Perhaps, for one reason or another, you can’t be a political hero right now. Maybe you tried to join a local political group but were repelled by the unrepentant smugness of Identity Politics. You observed how the traditional Left increases Trump’s divisive power by demanding complete compliance with an existing litmus test that has failed to create the broad political majority needed to shift our society in the right direction. Furthermore, people often turn very competitive when participating in politics: they jostle for attention and position. Politics is an inherently hierarchical occupation. Do you really want to hear a bunch of platitudes before being assigned to lick envelopes?
Or maybe one of your children is ill and you don’t have time and money. Why feel self-aversion when encountering one of the most challenging spiritual practices imaginable? Furthermore, there are other, equally valid ways to rebuild our shattered community aside from partisan politics. Join a church, participate in a book club, feed the homeless, joke with a stranger, go dancing. They want us to be atomized and disorganized, satisfied with whatever consumer goods we can get.
This is a particularly dangerous time to withdraw completely from politics
Waiting to vote in 2020 is not enough. That single gesture has little influence. Nor is a check for 200 dollars very important when the billionaires and their corporate media determine most of the content within the public arena. Demonstrations are influential, but temporary phenomena.
The one percent commitment
So what is to be done by those of us who can’t or won’t commit to political immersion? You can vow to spend one week in the fall of 2018 helping Democrats win contested Congressional and local elections. Donate one percent of your time to reduce the power of the One Percent. Perhaps you can take a driving vacation to some place like suburban Ohio, upstate New York, or Texas. You commit to six or more hours a day registering voters, driving voters to polls, and licking those damn envelopes. During time off, explore the community, perhaps with some new friends. If enough of us work in these contested areas, our additional energy might make the difference in terms of controlling Congress. We only need one legislative branch to investigate the current administration’s already stunning record of corruption and malfeasance and to derail the next phase of the Republicans’ vile legislative agenda.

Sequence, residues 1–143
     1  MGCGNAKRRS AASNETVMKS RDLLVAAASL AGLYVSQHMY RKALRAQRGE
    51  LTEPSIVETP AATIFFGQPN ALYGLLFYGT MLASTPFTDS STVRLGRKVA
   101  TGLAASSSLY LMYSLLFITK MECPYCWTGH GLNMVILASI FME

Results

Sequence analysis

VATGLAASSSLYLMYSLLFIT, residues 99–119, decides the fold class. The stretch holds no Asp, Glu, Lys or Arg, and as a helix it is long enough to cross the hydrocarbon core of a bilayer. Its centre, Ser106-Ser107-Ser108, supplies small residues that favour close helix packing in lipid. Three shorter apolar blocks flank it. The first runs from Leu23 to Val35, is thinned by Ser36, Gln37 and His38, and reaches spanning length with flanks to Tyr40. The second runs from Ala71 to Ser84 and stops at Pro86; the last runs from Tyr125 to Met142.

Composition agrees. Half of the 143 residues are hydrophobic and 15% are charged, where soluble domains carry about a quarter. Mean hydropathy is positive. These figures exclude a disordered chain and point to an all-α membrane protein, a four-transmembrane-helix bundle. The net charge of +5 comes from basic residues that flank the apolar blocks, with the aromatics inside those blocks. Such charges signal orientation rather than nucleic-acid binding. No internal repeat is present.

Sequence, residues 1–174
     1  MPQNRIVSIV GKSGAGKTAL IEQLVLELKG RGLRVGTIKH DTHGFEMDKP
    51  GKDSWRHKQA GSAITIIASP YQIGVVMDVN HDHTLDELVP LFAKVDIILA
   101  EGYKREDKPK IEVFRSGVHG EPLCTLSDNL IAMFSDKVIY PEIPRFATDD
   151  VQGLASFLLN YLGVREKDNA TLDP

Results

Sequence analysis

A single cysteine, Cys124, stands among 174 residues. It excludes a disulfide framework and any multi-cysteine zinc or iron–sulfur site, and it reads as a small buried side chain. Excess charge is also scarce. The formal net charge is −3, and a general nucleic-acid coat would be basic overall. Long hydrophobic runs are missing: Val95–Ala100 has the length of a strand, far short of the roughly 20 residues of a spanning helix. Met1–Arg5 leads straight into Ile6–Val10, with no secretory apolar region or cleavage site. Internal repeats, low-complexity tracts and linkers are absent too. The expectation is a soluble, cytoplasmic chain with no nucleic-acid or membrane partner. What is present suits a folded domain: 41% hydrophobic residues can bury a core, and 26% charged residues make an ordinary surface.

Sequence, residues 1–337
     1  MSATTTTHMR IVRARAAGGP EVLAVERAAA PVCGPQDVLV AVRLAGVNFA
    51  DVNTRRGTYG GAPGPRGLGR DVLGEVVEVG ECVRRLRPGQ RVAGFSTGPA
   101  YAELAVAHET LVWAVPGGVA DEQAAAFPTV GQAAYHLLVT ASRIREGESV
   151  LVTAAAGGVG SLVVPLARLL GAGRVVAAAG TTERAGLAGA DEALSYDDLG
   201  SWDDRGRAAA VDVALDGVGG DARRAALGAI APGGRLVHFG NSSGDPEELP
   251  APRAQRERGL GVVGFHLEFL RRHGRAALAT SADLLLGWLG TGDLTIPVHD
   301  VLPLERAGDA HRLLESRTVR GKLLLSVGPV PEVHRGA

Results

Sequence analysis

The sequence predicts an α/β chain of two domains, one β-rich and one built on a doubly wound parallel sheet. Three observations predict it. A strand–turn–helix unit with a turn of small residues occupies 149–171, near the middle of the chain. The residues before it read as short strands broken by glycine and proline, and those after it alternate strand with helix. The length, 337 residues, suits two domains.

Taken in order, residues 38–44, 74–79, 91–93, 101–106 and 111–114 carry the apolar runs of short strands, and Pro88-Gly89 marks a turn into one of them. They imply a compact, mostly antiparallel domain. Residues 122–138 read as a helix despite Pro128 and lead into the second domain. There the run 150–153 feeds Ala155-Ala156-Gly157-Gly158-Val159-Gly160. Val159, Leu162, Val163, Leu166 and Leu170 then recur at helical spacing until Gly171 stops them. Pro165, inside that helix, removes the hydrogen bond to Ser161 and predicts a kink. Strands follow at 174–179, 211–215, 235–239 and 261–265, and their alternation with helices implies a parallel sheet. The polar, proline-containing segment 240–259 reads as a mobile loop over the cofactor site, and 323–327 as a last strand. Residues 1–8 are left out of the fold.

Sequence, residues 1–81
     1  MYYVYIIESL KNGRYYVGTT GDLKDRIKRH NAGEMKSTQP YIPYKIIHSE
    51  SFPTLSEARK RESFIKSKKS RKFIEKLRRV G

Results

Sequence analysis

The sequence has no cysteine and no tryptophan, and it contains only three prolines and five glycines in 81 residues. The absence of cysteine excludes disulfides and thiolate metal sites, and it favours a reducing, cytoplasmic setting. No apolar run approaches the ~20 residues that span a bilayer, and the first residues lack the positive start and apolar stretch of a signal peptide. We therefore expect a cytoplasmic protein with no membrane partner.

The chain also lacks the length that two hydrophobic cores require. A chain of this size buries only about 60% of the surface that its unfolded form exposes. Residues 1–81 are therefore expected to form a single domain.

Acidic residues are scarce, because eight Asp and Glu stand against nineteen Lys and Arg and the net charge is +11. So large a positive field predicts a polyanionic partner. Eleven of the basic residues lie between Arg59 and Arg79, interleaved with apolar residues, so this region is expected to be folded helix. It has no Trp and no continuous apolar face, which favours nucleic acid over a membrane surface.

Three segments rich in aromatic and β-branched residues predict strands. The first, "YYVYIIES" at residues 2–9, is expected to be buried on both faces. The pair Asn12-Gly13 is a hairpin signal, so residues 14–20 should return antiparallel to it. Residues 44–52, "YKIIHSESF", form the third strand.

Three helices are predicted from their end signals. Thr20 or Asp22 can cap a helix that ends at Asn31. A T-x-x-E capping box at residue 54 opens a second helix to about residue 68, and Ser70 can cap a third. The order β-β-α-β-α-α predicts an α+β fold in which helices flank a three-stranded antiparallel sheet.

Notice the immediate benefits of this simple commitment. There is no reason to feel guilty for not always reading The Nation, watching Rachel Maddow, studying judicial opinions, reviewing bigoted and counterproductive immigration plans, or attending the next demonstration. You are not just going to commiserate with allies and argue with opponents. You will soon act in a way that might make a real difference. You will do something they definitely do not want you to do, because our time can defeat their money. Should the Democrats blunder their way to another defeat in 2018, commit to another week in 2020, perhaps by working on behalf of a less subservient Democrat during the primary. Maybe it becomes a biannual habit. After all, younger generations may one day ask, “What did you do during the Environmental and Class Wars of the early Twenty-First Century?”
In the meantime, take care of yourself and others. Meditate, practice Tai Chi, walk the dog through the snow, drink some water with lemon juice, and then listen to someone like Norah Jones or Billie Holliday.